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My book has a paragraph giving advice on what we should do during an earthquake:

If you live in an earthquake zone, you should take some time to look around your house ... Check the mirrors in your bathroom and bedroom. Make sure they can't move. Don't put your bed next to a window.

Planning where you are going to be during an earthquake is very important... Then you should sit under a strong table or doorway, or stand in the corner of a room.

After reading the passage, my book requires me to complete the table. One row of the table has this:

Flying glass:

  • Check the mirrors
  • Don't put your bed near a window

I don't understand the two bold words above:

  1. What are the differences between door and doorway? Why should we sit under a doorway during an earthquake?
  2. What does flying glass really mean? Does it mean glass can fly?
  • Offtopic: you might want to consider the Triangle of Life theory posited by Doug Copp. – deutschZuid Mar 3 '13 at 7:27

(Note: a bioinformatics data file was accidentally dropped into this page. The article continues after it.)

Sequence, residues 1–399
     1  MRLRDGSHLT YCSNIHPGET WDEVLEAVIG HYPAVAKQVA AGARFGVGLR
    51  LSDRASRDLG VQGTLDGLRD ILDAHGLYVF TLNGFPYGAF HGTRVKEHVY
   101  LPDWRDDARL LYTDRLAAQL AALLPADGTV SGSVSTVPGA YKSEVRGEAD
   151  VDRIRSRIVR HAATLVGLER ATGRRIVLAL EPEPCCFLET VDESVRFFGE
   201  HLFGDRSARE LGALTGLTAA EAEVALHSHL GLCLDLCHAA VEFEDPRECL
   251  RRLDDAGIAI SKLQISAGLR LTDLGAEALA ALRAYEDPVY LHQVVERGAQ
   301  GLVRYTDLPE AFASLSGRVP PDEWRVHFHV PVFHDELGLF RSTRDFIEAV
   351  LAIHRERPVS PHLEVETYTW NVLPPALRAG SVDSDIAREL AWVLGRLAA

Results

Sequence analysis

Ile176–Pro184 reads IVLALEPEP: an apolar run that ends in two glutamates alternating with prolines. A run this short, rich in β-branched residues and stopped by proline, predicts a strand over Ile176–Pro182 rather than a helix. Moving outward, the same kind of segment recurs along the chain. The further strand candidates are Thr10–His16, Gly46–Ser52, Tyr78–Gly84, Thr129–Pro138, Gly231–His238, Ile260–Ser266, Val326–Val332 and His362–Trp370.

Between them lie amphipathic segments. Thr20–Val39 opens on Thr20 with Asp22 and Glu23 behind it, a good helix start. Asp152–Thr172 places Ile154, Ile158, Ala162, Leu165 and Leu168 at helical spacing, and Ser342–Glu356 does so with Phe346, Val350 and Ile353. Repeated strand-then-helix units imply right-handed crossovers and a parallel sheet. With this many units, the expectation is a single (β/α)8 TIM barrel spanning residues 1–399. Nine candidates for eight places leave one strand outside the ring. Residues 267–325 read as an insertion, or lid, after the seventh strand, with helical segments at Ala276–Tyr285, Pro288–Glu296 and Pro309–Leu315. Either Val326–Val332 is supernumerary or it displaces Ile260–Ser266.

• @JamesJiao Interesting. I hadn't heard of that. I've just finished reading the Wikipedia page, which includes a criticism section. It might be worth reading. – snailcar Mar 3 '13 at 8:05
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    I'm finding the advice "don't put your bed in bathroom and bedroom" definitely strange. Both points. – SF. Mar 4 '13 at 14:01
  • @SF. Thanks for your finding. Definitely, it should be 'don't put your bed next a window'. I've already made correction to my post. – doquan0 Mar 4 '13 at 16:03
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    "...Then you should sit under a strong table or doorway, or stand in a corner." ... wisdom of this advice aside, the sentence is poorly written. One sits under a table, or in a doorway. The sentence should be rewritten: "...Then you should sit under a strong table or in a doorway, or stand in a corner." – Adam Aug 25 '15 at 20:00